Roy, Rachel, and Ava Dash. 96 Words for Love.
Roy, Rachel, and Ava Dash. 96 Words for Love, jimmy patterson, January 2019. 320p. $17.99. 978-0-316-47778-9.
2Q * 3P * S * NA
High school senior Raya should be thrilled, like best friend Lexi, but is plagued by anxiety--not freshman jitters and paralyzing selfdoubt. Is UCLA her dream or her parents', and what if her major is not her true passion? The death of her grandmother rips another seam in Rayas fragile composure, but a chat with her cousin Anandi may provide an exit. Their grandmother's dying wish was to unite the cousins in India on a treasure hunt at a spiritual retreat. Raya hopes to discover her calling and future career, but the tokens retrieved from sacred shrines lead to more soul searching, a problematic romance, and the dramatic rescue of an abducted child.
Rayas quest is about self-discovery and self-determination but is also an exploration of third-world issues juxtaposed against first-world entitlement. Indian folklore and spiritualism are interwoven into an expose of human injustices. The mother-daughter writing team draws from their heritage and philanthropic work, and although 96 Words for Love sheds light on poverty and human trafficking, the message is mired by a convoluted plot and inauthentic dialogue that mimics youthful irreverence with offbeat slang and gratuitous expletives. The title suggests that Rayas path of discovery will lead to myriad explorations of loveromantic, familial, platonic, ethereal, and inner--yet the lack of emotional depth bars readers from connecting. Rayas love interest is arrogant and sexually manipulative, and other characters are unsympathetic stereotypes. Devin is especially heinous as a culturally insensitive counterpoint to Rayas beleaguered altruism. Artifice and awkward transitions thwart the momentum, and cute alliterative chapter headings are distracting and detractive. The publisher promotes this book as a teen Eat, Pray, Love (Riverhead, 2007) yet falters in identifying and relating to the target audience. Readers are better served with 13 Little Blue Envelopes (HarperTeen, 2016) or The Sisterhood of the Traveling Pants (Delacorte, 2001/VOYA October 2001) than this overambitious and predictable letdown.--Rebecca Jung.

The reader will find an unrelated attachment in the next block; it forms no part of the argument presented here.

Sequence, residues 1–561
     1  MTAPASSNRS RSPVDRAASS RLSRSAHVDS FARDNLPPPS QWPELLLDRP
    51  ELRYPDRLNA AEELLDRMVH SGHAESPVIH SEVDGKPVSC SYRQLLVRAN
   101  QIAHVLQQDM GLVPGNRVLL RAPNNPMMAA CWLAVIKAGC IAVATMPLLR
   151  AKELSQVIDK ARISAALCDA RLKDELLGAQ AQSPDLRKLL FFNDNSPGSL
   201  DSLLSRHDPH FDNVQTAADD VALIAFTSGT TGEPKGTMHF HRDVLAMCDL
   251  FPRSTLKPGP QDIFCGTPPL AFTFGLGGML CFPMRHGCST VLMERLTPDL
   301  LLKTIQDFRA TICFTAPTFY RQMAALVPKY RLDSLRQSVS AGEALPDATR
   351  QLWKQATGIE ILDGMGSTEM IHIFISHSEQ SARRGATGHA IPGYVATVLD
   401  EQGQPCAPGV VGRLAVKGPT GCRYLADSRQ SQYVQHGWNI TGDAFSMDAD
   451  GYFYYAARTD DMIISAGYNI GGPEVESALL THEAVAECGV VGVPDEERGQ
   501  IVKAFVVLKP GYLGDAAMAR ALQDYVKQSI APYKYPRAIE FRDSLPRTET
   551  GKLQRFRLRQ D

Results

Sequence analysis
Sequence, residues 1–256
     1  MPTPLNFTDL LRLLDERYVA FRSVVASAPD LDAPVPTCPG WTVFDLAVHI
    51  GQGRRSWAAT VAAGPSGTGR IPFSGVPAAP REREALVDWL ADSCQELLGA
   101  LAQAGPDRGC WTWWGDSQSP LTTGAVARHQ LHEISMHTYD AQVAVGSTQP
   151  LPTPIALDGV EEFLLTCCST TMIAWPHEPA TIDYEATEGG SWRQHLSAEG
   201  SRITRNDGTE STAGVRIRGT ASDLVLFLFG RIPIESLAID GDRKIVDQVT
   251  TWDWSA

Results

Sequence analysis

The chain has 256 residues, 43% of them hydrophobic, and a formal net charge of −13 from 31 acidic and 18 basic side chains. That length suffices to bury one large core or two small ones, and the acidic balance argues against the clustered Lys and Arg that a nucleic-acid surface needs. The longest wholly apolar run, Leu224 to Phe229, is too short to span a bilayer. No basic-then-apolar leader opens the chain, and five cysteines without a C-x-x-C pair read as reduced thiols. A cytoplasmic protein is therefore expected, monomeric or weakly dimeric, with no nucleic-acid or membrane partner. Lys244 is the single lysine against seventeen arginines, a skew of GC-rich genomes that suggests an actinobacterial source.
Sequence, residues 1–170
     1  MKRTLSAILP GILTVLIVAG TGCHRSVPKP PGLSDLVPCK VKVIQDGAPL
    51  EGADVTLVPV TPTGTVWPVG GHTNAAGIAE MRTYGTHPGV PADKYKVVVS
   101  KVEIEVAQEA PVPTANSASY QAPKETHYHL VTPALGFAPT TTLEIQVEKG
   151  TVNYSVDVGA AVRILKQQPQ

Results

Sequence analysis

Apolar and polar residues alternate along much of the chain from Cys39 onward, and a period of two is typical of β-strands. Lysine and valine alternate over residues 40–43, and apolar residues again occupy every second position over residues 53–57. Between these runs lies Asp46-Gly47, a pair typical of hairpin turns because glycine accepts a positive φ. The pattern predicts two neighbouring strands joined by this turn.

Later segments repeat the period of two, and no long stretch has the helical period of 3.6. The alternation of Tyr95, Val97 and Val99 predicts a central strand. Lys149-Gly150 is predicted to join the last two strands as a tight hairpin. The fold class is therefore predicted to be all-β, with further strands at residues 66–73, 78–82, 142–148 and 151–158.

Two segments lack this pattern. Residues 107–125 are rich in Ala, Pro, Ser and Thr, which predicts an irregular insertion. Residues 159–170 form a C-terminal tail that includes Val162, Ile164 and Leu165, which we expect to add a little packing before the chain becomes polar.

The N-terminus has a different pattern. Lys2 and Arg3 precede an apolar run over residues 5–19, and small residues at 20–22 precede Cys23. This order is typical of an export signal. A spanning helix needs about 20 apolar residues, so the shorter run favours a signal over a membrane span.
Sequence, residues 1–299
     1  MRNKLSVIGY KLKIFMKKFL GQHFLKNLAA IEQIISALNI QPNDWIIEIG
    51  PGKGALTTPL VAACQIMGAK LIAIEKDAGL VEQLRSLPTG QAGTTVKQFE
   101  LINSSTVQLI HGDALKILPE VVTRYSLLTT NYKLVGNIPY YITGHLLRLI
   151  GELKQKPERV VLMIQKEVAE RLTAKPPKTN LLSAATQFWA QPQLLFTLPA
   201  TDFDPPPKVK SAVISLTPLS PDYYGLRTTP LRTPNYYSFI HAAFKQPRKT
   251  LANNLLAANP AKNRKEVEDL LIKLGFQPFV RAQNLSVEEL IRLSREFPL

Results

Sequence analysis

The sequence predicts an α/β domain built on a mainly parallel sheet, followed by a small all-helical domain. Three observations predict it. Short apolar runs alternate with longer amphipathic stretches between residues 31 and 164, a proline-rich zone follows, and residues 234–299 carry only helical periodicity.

With layer upon layer of overused and generic love concepts, 96 Words for Love is your run-of-the-mill romantic novel. It is chock-full of stereotypes--from the forbidden young love to the journey of obvious self-discovery--making the novel predictable and its story commonplace. The characters seem to appear only to help the main character on her journey and because of this are underdeveloped. While the book is an easy read, the story remains uninspiring. 2Q, 3P.--Jules Wagner, Teen Reviewer.
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|Author:||Jung, Rebecca; Wagner, Jules|
|Publication:||Voice of Youth Advocates|
|Article Type:||Book review|
|Date:||Dec 1, 2018|
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